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males to develop and express these stereotyped beliefs. Additionally, Zosuls et al. (2009), point out that females typically develop faster than males in general, and so gender-congruent expectations and beliefs—as a function of cognitive development—might simply be another example of this. 4.1 Limitations and conclusions As with any study, limitations existed within the current project. For example, the particular activities, occupations, etc., were somewhat limited in their scope; future studies could expand upon this by including more activities and occupations. As such, the current study limited the number of questions asked to the child for brevity of interview, as preschoolers’ attention spans are somewhat limited. Furthermore, future studies could include further contexts in which children might develop stereotypes, such as clothing and appearance expectations (e.g., see Halim et al. 2014). Additionally, it would be interesting to investigate this phenomenon longitudinally or with an older cohort, at which age males’ beliefs may be more solidified. The current study is an important addition to the existing literature in that it helps to inform preschool teachers and parents of areas of curriculum development. In line with Bem’s (1981) theorizing on the collaborative impacts of environmental stimuli and cognitive development, parents might assist children in participating in activities and developing behavioral habits that inhibit gender-stereotype development. Examining the current results, this might be particularly relevant for parents and teachers of female children, as females tended to express beliefs stronger in gender-congruency than did males. Specifically, regarding occupations and activities, it might be beneficial to expose children early on to gender-incongruent individuals and positions.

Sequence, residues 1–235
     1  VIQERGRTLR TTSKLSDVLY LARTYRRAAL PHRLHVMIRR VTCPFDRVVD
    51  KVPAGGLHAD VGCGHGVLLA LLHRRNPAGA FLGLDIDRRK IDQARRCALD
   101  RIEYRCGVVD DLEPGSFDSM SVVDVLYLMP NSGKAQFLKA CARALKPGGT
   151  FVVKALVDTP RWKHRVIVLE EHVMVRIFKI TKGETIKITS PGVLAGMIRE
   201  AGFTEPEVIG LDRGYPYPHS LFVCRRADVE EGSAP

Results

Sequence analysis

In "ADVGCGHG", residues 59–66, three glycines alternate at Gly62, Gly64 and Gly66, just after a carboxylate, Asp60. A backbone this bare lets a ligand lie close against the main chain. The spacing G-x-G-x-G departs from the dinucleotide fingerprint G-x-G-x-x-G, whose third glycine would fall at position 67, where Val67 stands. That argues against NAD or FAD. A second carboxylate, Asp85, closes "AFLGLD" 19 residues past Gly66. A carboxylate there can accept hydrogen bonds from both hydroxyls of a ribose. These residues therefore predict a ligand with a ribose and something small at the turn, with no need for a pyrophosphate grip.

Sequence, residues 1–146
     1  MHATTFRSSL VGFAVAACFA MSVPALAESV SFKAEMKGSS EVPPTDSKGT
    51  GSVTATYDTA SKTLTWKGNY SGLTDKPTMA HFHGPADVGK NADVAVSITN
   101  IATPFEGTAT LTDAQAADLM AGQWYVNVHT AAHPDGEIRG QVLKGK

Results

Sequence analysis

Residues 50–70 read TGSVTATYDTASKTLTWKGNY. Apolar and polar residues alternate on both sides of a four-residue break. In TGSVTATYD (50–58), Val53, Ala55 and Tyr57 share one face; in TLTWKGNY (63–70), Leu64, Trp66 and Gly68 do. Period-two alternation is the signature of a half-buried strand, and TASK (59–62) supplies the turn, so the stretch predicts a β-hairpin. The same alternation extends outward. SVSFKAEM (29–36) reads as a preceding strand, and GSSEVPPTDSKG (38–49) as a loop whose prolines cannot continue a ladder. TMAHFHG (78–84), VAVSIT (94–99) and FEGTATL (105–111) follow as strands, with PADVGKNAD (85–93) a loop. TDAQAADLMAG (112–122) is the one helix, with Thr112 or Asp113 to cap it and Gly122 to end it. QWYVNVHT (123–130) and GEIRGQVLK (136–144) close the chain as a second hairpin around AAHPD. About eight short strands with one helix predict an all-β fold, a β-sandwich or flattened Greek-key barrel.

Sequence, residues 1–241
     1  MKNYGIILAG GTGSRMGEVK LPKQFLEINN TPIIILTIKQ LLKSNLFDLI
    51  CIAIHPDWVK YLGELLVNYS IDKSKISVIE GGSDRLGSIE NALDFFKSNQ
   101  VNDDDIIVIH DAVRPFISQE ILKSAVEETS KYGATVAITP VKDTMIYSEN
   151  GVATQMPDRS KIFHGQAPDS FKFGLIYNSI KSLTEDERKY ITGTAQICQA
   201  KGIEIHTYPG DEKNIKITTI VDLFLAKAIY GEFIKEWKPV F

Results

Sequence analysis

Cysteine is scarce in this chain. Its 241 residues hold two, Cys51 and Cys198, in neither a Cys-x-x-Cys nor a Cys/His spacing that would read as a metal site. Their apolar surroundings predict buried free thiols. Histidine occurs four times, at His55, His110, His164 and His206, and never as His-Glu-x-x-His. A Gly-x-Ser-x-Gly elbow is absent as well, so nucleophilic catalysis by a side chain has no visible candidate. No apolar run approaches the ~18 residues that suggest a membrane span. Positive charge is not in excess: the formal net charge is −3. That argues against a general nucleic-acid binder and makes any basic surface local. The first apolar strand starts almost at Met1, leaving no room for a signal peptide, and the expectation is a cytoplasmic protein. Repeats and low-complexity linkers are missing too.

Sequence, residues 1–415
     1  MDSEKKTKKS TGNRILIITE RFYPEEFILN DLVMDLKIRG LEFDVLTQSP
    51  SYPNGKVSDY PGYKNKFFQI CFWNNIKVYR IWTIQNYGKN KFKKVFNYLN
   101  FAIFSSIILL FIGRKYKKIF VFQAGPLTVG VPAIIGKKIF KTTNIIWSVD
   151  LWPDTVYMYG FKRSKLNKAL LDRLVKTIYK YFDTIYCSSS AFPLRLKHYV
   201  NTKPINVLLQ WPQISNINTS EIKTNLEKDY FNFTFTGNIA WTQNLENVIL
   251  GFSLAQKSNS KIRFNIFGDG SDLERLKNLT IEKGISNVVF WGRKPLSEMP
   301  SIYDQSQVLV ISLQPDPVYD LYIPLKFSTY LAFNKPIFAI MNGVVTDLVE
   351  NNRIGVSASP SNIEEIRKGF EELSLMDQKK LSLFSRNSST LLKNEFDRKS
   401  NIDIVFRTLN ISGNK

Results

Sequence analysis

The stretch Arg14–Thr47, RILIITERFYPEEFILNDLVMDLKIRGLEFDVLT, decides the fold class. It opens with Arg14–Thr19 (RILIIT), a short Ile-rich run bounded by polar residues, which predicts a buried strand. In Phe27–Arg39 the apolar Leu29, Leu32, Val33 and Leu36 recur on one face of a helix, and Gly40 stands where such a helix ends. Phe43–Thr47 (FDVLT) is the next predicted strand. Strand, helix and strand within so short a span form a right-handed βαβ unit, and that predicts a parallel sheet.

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Erin R. Baker Ph.D. Candidate, Psychology, Bowling Green State University (2016). Teaching Associate at Bowling Green State University, Psychology, Bowling Green, OH. Research interests: social and cognitive development in childhood and adolescence, parenting factors, aggression.

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Author's personal copy What can boys and girls do? Preschoolers’ perspectives… Marie S. Tisak Ph.D. Stanford University (1984). Professor of Psychology and Head of Developmental Psychology, Bowling Green State University, Bowling Green, OH. Research interests: socio-cognitive development, moral development, social reasoning among youth offenders, aggression. John Tisak Ph.D. University of California (1984). Professor of Psychology at Bowling Green State University, Bowling Green, OH. Research interests: psychological measurement, longitudinal and lifespan modeling, structural equation modeling.